Succeeds in any good soil[187]. Prefers a well-drained light rich or peaty soil[1, 200]. Requires a moist peaty soil and a sunny position[111, 134]. Plants are hardy to about -25°c[187]. A very ornamental plant[1], though it can be invasive by means of its spreading root system[200]. The flowers diffuse a delicious scent into the garden. This scent attracts bees, who obtain copious supplies of nectar from the plants[50, 74, K], though unfortunately the plants do not always flower in Britain[K]. The flower of many members of this genus can trap insects between its anther cells, the struggles of the insect in escaping ensure the pollination of the plant[207]. This plant has a very wide range of uses and merits attention as a food, fibre and rubber crop[K]. It was possibly cultivated at one time by the North American Indians for its many uses[159]. It is considered by some to be the greatest underachiever among plants. Its potential appears great, yet until now it has never been continuously processed for commercial purposes[269]. Many members of this genus seem to be particularly prone to damage by slugs. The young growth in spring is especially vulnerable, but older growth is also attacked and even well-established plants have been destroyed in wet years[K]. Plants resent root disturbance and are best planted into their final positions whilst small[134]. Special Features:North American native, Invasive, Naturalizing, Attracts butterflies, Fragrant flowers. The plant is heat tolerant in zones 9 through 2. (Plant Hardiness Zones show how well plants withstand cold winter temperatures. Plant Heat Zones show when plants would start suffering from the heat. The Plant Heat Zone map is based on the number of "heat days" experienced in a given area where the temperature climbs to over 86 degrees F (30°C). At this temperature, many plants begin to suffer physiological damage. Heat Zones range from 1 (no heat days) to 12 (210 or more heat days). For example Heat Zone. 11-1 indicates that the plant is heat tolerant in zones 11 through 1.) For polyculture design as well as the above-ground architecture (form - tree, shrub etc. and size shown above) information on the habit and root pattern is also useful and given here if available. The plant growth habit is a runner spreading indefinitely by rhizomes or stolons [1-2]. The root pattern is rhizomatous with underground stems sending roots and shoots along their length [1-2].

Carbon Farming

  • Experimental Crop  Plant breeders are testing these plants to see if they could be domesticated for cultivation, but they are still in an experimental phase. Examples include milkweed and leafy spurge.
  • Industrial Crop: Fiber  Clothing, rugs, sheets, blankets etc. Currently, almost none of our fiber are produced from perennial crops but could be!
  • Industrial Crop: Hydrocarbon  Materials, chemicals and energy include bioplastics, rubber, biomass products gasoline, jet fuel, diesel, butane, propane, biogas. Plants are usually resprouting plants and saps.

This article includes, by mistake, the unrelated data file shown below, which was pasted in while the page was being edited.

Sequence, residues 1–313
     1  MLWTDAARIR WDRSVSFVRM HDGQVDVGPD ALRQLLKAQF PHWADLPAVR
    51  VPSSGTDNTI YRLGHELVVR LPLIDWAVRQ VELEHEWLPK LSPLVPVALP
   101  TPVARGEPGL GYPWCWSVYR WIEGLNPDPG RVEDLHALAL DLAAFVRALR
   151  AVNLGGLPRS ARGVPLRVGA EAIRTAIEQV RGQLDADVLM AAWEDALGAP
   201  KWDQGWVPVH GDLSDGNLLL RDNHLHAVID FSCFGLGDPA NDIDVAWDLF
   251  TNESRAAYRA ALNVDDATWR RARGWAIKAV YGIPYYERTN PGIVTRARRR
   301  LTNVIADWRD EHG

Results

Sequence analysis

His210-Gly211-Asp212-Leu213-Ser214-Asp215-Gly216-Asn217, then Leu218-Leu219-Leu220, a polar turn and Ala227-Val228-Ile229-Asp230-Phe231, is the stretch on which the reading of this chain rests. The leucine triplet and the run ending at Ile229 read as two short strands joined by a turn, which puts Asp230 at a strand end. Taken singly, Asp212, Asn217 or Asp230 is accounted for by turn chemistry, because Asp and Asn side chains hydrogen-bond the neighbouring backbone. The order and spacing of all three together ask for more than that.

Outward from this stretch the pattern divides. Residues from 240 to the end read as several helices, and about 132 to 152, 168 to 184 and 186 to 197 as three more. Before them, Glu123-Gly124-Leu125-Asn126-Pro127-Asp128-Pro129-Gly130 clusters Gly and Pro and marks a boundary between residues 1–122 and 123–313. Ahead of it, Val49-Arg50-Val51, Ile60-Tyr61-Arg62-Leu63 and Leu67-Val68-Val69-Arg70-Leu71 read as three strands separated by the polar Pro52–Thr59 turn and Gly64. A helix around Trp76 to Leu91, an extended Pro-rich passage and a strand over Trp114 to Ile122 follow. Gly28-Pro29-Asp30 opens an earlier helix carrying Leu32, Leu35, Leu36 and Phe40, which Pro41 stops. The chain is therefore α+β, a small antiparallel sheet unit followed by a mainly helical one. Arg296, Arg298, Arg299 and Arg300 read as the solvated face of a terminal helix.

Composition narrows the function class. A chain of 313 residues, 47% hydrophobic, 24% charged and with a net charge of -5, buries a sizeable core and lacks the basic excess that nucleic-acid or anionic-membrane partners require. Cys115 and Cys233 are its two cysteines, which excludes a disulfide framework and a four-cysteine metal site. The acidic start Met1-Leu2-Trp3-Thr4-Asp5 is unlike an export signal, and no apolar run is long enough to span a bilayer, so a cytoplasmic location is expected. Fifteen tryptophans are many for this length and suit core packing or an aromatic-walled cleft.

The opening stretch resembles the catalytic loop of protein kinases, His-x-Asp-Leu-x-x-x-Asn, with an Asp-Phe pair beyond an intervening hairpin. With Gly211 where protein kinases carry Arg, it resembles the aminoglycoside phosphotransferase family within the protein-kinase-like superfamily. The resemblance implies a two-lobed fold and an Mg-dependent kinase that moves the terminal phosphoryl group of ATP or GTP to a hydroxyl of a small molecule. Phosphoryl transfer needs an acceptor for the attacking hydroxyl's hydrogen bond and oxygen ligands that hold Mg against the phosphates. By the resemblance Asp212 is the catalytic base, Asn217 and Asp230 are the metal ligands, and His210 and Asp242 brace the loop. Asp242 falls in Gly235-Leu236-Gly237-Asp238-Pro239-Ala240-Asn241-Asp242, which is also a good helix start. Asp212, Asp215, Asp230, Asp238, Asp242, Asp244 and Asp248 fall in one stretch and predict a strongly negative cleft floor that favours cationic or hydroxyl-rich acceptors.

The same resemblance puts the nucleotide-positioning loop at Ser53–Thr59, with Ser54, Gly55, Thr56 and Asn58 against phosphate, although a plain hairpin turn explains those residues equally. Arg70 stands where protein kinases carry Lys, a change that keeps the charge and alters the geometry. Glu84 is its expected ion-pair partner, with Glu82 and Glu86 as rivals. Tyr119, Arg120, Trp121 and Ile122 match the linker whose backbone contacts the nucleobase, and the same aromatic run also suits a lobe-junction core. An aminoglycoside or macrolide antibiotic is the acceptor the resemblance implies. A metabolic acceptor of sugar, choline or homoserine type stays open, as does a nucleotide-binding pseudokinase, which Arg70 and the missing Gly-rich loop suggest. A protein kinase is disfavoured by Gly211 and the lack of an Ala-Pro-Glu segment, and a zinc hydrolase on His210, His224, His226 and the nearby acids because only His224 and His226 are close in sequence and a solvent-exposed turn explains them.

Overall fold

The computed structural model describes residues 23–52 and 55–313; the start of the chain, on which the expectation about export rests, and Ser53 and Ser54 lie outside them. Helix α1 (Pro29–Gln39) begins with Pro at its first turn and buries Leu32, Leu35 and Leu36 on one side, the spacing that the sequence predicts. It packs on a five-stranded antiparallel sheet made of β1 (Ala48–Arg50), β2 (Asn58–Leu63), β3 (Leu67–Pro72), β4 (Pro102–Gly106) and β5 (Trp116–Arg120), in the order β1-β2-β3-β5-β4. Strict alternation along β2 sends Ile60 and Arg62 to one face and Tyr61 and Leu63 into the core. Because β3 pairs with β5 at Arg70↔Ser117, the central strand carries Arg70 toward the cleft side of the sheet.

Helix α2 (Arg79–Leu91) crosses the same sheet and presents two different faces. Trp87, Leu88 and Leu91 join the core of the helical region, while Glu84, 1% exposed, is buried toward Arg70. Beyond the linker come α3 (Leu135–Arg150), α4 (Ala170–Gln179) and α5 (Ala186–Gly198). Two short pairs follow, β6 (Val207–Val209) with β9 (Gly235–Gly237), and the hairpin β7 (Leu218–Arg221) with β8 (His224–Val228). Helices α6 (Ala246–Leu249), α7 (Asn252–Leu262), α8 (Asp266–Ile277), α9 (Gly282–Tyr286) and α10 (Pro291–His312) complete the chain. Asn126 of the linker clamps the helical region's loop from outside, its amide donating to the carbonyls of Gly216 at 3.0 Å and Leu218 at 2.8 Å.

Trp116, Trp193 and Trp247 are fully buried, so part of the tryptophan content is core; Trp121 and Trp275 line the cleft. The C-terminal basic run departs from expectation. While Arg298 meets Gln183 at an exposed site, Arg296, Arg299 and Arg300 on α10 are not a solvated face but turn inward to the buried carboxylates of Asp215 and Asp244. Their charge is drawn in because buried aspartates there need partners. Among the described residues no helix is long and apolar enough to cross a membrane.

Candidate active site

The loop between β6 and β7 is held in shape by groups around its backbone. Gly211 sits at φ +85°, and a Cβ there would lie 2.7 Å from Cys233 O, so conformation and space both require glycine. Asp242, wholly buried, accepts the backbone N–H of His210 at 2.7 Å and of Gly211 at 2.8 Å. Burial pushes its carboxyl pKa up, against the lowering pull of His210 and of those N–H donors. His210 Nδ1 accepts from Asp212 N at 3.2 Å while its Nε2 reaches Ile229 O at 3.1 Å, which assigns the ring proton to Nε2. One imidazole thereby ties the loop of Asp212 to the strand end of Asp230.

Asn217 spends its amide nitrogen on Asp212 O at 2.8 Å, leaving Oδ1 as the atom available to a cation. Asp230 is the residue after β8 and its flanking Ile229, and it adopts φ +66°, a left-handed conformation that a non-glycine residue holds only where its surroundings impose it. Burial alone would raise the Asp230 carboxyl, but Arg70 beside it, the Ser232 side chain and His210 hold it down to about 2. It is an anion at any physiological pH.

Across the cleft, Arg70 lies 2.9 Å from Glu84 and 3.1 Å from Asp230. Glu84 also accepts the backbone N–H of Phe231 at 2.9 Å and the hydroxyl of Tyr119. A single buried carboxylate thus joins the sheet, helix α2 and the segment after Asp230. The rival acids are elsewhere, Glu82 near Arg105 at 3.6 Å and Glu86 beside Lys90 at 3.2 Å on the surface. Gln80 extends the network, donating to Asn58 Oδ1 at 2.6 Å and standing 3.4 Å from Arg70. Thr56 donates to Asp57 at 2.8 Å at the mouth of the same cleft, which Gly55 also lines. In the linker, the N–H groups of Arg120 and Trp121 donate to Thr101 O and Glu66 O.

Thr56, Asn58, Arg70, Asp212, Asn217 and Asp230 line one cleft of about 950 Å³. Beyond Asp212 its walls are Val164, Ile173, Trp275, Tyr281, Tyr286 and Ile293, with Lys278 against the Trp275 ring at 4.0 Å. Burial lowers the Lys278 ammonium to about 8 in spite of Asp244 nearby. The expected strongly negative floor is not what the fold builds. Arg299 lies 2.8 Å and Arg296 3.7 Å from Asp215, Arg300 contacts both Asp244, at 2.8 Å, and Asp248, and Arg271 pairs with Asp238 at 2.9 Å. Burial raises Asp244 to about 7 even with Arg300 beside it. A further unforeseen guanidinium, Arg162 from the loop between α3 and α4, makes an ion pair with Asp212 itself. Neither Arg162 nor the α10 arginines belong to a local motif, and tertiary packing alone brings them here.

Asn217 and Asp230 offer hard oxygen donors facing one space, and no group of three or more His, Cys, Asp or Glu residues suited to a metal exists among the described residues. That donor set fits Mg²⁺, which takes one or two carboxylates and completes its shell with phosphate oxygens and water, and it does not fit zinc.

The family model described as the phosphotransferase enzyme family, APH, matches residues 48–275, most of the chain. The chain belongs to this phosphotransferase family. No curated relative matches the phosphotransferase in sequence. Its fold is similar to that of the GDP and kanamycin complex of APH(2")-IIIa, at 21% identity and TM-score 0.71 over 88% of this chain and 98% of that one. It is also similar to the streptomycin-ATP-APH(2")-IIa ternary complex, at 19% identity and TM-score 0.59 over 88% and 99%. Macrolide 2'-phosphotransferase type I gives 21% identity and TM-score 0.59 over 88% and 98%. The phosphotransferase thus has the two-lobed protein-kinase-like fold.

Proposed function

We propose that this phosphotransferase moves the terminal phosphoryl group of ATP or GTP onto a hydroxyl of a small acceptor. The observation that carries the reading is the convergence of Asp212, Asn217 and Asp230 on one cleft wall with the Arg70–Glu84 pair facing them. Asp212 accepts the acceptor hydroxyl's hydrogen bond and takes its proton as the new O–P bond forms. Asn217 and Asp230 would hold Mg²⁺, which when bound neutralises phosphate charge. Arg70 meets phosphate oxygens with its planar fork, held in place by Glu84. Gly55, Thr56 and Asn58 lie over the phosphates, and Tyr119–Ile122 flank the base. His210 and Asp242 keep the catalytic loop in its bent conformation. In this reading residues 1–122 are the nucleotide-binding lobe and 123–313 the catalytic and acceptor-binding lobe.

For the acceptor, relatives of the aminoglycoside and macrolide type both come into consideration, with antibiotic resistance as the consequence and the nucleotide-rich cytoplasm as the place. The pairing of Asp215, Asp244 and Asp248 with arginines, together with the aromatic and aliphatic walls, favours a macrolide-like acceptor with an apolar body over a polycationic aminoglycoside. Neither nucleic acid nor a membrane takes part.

• Management: Hay  Cut to the ground and harvested annually. Non-destructive management systems maintaining the soil organic carbon.

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Propagation

Seed - best sown in a greenhouse as soon as it is ripe in the autumn or in late winter[134, 169]. We have also had good results from sowing the seed in the greenhouse in early spring[K], though stored seed might need 2 - 3 weeks cold stratification[134]. Germination usually takes place in 1 - 3 months at 18°c[134]. As soon as the seedlings are large enough to handle, prick them out into individual pots and grow them on in the greenhouse for their first winter. Plant out when they are in active growth in late spring or early summer and give them some protection from slugs until they are growing away strongly. Division in spring. With great care since the plant resents root disturbance. Pot the divisions up and place them in a lightly shaded position in the greenhouse until they are growing away strongly, then plant them out in the summer, giving them some protection from slugs until they are established.. Basal cuttings in late spring. Use shoots about 10cm long with as much of their white underground stem as possible. Pot them up individually and place them in a lightly shaded position in a greenhouse until they are rooting and growing actively. If the plants grow sufficiently, they can be put into their permanent positions in the summer, otherwise keep them in the greenhouse until the following spring and when they are in active growth plant them out into their permanent positions. Give them some protection from slugs until they are established.

Other Names

If available other names are mentioned here

Found In

Countries where the plant has been found are listed here if the information is available

Weed Potential

Right plant wrong place. We are currently updating this section. Please note that a plant may be invasive in one area but may not in your area so it’s worth checking.

Can be an aggressive and persistent weed and contains several poisonous glucosidic substances (cardenolides) known to be poisonous to sheep, cattle, and occasionally horses. A. syriaca has been found to be the most abundant invasive species in open sand grasslands.

Conservation Status

IUCN Red List of Threatened Plants Status : This taxon has not yet been assessed.

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Readers comment

Robert Gergulics   Sat Apr 11 2009

Pictures Of Asclepias syriaca here.Photorobg.com